SQUAW VALLEY, Calif. (AP) -- Julia Mancuso raced to her record 16th title in the U.S. Alpine Championships, winning the giant slalom Thursday in her hometown.
The Olympic gold medalist beat World Cup slalom champion Mikaela Shiffrin by 0.88 seconds in the opening event in the four-day competition at the 1960 Olympic mountain.
"It’s very fun to be at my home mountain and, of course, I want to win here," Mancuso said. "I think that’s the cool thing about records even if it’s something like U.S. Championships. When you are kind of pushing for something or extending a record, It makes it that much more fun.
"I’ve seen a lot of people I know and all my friends come out to cheer me on. And all the kids, it’s really, really fun. It’s even a school day, so they’re probably happy they got to miss school."
The 18-year-old Shiffrin, from Vail, Colo., won the World Cup slalom title last week in Switzerland.
"It’s awesome to be here," Shiffrin said. "It’s beautiful today and hopefully this weather keeps up. I love U.S. Championships, it’s such a fun event and there’s so much healthy competition."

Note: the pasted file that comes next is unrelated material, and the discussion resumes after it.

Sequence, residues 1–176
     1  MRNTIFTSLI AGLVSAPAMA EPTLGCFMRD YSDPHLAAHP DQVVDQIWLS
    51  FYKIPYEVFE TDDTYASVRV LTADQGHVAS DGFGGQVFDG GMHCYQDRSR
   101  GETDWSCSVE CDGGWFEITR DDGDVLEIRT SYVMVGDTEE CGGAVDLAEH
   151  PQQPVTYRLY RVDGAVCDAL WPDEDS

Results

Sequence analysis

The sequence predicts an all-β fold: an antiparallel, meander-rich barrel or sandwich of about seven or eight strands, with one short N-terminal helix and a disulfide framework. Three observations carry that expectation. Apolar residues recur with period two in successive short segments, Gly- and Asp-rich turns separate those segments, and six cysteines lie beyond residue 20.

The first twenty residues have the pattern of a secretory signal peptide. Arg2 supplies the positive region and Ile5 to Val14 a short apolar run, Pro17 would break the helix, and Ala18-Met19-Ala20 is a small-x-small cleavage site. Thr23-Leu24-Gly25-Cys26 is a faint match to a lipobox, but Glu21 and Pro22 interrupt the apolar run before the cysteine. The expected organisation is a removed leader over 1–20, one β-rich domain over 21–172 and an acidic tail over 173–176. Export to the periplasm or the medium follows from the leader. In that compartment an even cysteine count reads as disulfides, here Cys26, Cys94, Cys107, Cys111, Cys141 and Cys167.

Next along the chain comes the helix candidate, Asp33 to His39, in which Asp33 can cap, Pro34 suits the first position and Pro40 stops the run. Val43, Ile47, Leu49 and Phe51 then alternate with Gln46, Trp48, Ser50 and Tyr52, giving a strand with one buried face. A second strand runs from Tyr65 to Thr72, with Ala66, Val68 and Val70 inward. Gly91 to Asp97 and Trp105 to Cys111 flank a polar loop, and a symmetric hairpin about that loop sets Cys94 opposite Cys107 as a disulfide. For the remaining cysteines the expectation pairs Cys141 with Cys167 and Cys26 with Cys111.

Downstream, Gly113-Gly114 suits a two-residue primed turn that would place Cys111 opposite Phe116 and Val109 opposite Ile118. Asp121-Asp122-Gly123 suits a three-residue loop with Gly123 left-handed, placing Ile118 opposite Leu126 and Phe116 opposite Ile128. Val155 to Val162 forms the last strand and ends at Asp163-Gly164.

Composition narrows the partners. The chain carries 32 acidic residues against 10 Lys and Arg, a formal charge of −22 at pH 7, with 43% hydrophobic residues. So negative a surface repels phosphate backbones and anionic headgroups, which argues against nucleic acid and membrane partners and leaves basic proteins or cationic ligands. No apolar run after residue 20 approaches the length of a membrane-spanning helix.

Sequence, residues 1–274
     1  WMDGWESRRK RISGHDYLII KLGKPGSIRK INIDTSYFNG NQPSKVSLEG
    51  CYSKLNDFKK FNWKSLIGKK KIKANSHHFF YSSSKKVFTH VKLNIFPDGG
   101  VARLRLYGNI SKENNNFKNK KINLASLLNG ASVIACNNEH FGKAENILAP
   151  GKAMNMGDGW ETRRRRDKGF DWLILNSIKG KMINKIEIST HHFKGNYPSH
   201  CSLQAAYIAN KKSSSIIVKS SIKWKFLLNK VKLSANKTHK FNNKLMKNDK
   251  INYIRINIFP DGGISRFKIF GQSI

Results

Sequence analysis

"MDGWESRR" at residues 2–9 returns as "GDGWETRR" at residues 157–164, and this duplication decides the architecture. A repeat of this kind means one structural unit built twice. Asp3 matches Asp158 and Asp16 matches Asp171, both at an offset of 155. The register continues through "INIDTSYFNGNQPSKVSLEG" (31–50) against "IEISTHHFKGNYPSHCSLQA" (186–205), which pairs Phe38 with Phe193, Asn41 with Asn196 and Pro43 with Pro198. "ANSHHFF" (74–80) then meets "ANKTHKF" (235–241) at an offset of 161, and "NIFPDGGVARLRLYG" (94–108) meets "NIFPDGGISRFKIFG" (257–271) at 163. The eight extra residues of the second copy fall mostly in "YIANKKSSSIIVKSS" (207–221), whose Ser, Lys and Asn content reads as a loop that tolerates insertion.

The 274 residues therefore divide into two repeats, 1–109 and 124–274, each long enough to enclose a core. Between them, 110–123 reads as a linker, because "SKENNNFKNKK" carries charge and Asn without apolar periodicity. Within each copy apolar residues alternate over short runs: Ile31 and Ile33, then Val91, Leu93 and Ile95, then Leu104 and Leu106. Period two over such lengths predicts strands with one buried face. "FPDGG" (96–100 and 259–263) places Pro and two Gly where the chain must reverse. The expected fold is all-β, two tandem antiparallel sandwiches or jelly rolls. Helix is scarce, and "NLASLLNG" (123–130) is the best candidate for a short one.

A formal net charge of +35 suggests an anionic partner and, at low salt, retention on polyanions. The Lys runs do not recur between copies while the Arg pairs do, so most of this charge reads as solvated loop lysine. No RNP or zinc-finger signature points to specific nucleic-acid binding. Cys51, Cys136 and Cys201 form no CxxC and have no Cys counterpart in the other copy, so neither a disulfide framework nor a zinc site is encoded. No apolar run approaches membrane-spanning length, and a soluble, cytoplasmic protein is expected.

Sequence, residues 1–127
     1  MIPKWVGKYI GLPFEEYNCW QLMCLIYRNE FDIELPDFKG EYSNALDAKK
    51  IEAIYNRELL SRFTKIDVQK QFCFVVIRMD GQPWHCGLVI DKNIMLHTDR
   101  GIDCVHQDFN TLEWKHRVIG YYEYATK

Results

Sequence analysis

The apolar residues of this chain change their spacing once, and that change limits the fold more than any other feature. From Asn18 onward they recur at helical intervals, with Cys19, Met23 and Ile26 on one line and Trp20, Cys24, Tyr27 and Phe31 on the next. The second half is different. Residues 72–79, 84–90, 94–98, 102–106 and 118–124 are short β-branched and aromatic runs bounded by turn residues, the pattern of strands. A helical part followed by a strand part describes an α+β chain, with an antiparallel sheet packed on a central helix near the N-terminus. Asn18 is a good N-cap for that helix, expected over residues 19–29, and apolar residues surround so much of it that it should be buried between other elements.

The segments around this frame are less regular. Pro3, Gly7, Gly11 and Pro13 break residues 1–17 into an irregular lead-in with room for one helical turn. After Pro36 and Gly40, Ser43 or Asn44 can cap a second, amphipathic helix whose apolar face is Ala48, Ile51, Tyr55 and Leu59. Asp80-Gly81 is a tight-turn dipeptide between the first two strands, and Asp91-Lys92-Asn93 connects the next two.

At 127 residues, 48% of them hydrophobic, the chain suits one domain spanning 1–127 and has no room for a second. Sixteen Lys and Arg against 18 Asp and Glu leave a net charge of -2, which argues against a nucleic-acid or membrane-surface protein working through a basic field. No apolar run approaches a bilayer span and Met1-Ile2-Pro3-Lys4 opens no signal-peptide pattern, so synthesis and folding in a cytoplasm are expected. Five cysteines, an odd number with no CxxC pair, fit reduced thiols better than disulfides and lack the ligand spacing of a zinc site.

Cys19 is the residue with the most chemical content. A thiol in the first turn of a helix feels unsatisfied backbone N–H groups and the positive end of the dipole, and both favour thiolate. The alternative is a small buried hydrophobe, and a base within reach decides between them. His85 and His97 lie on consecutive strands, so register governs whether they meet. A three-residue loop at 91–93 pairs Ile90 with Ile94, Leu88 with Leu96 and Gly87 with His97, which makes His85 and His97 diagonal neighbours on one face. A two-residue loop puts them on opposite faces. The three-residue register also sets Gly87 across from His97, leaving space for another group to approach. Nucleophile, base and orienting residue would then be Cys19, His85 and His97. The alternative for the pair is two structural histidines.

Megan McJames, from Park City, Utah, was third in the race that was shortened from the planned start because of inconsistent snow after heavy snowfall Wednesday.
"This year’s been tough," McJames said. "I’m not on the U.S.
Tim Jitloff won the men’s giant slalom for his fourth U.S. title. He grew up in nearby Truckee and now lives in Reno, Nev.
"It was challenging for sure, but I grew up racing on this hill, so I know what’s going on," Jitloff said. For me, this is just a lot of fun, so it’s really a weight off the shoulder if you can go and just enjoy yourself. That’s what it was today. It felt good to kind of reel back the years a little bit on home turf."
Defending champ Robby Kelley of Starksboro, Vt., was second.
"I definitely wanted to repeat after winning last year, but it’s definitely a good accomplishment, coming here and getting second," Kelley said. "Jit has been skiing great all year, so I kind of expected it."
Seppi Stiegler, from Jackson Hole, Wyo., was third.
Ted Ligety, the World Cup and world champion, didn’t race.